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About Leo Ornstein

Personal Reminiscences and Observations
By Severo M. Ornstein

As a child I recall sitting beside my father on the piano bench as he practiced. My job was to move matches from one pile to another to count the number of times he'd repeated a passage. I got to know a good deal of music that way and to recognize when a repetition occurred, even when there was no break.

    Also in this Section       
Personality and Attitudes about Music
Approach to Composing
Reminiscences and Observations
Pauline's Memoir

As children, my sister and I loved to explore the old steamer trunks in our attic. They contained a cornucopia of frilly, outdated dresses, top hats, etc. One day when I was about nine years old I came upon a large scroll at the bottom of one of the trunks. As I unrolled it, giant red letters appeared spelling out my father's name and announcing his appearance at Carnegie Hall. I vaguely knew that he had been a concert pianist before I was born - our mother had always spoken in adulatory terms of our father's importance - but we tended to dismiss that, knowing that her view was heavily biased.   This giant scroll, considerably larger than I was as I remember it, and with the magic words "Carnegie Hall Tonight" splashed across it, cast an entirely new light on matters. I remember struggling to comprehend this new revelation. With the innocence of youth, I hadn't realized what an unusual father I had; I suppose I assumed that all fathers must somehow play the piano. I'd been immersed in the sounds of practicing from the cradle onwards and took the background of music as much for granted as the air we breathed.

We had a summer home in the White Mountains of New Hampshire, far up on a hillside, well away from other houses. Still further up the mountain in the forest, a quarter of a mile behind the main house, my father had a one-room studio where he would practice and compose. A Knabe grand had been hauled up there over the snow by a horse-drawn sled many years before. Each winter, while we were away in Philadelphia, the mice would play havoc with the felts of the piano.  Finally, at someone's suggestion, we tried putting red pepper into the instrument as a mouse deterrent. It worked, but the next spring when we arrived and my father commenced practicing, a cloud of pepper arose from the piano and for some time thereafter he was forced to work with tears streaming down his face.

Painting of Leo Ornstein by Leon Kroll; 1918

As a youth I had various chores that included, chopping wood, cutting brush, etc. Some of these chores were performed near the studio while the music of Chopin, Liszt, Franck, Beethoven, and Bach poured out around me into the forest. I learned a great deal of music without having any idea what it was that I was hearing. Years later, as I began to listen to records, I would occasionally encounter a piece that I knew perfectly well but had completely forgotten about. It would be difficult to convey the emotional impact of such re-discoveries on the occasions when they occurred.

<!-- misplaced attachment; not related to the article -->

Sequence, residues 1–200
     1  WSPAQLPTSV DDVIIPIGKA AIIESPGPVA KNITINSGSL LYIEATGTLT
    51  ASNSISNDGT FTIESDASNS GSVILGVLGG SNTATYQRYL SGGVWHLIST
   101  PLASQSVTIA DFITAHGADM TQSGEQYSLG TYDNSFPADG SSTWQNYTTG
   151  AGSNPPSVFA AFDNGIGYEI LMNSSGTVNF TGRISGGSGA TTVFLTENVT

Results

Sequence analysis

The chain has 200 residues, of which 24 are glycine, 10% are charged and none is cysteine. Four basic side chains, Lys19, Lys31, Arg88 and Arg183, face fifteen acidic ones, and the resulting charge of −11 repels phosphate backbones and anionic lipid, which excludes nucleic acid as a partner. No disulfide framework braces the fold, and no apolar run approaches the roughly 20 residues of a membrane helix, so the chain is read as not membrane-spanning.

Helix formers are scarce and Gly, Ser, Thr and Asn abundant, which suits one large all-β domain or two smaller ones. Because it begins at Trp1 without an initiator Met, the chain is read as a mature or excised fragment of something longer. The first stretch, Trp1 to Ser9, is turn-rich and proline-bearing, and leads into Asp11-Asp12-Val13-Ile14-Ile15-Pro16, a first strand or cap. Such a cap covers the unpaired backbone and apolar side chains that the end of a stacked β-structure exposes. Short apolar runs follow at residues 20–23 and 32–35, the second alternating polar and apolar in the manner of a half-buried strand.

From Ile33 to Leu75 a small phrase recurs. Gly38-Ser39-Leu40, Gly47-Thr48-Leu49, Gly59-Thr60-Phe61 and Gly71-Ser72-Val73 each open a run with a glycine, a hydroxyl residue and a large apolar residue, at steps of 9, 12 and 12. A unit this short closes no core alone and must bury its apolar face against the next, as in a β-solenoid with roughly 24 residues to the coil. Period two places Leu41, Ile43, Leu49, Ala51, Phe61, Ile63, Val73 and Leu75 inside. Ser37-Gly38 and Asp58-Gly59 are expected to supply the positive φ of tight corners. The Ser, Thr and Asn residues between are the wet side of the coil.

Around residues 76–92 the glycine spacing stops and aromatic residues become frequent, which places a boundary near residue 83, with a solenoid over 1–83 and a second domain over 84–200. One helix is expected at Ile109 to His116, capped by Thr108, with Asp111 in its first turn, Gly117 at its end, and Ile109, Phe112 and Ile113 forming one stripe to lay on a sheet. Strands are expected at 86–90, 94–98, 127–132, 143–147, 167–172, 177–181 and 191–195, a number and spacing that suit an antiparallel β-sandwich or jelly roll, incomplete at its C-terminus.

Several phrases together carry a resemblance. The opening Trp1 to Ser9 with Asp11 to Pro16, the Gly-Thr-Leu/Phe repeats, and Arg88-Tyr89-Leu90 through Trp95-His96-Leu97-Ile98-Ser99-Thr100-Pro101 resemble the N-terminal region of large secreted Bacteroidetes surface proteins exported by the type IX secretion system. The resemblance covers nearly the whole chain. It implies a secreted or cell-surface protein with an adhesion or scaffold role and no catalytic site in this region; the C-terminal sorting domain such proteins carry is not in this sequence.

It was never clear when inspiration would strike. When it did, if he was really captivated by what he heard, he had to get it down as soon as possible. The opening bars of the piano quintet apparently came to him while he was shopping and were originally jotted down on a grocery bag. I have memories of being yanked out of the swimming hole as a child and dragged quickly home with our father humming and singing all the way in order to hang onto an idea until he could get to pencil and paper.

At one point - I must have been twelve or so - I discovered the Schubert Unfinished Symphony and began raving about it to my father. He was amused and said that someday I'd find there were even greater things than ... and here he hummed the opening theme. I was amazed at his summary dismissal of what at the time seemed to me such ravishing music. Some years later, after I came to know music that my father himself had never heard, I became particularly enamored of the Mozart G Minor Quintet and brought a record home to play for him. I was shocked when he said he'd listen, but not to expect him to get quite the same rise that I did out of "one more Mozart Quintet." As a young person still discovering music I was appalled, and only later came to understand his somewhat jaundiced viewpoint.

Leo speaking with Severo

When I was attending high school in Philadelphia, I often went to the Friday afternoon concerts at the Academy of Music. At one of these concerts Yehudi Menihin played a Bartok concerto and when I got home and reported on it, Dad asked me if he'd played in tune. I was outraged at the suggestion that such a famous virtuoso might not play in tune, but I've learned since that string players are not always so precise and indeed it's the rare violinist today whose accuracy I find really satisfying.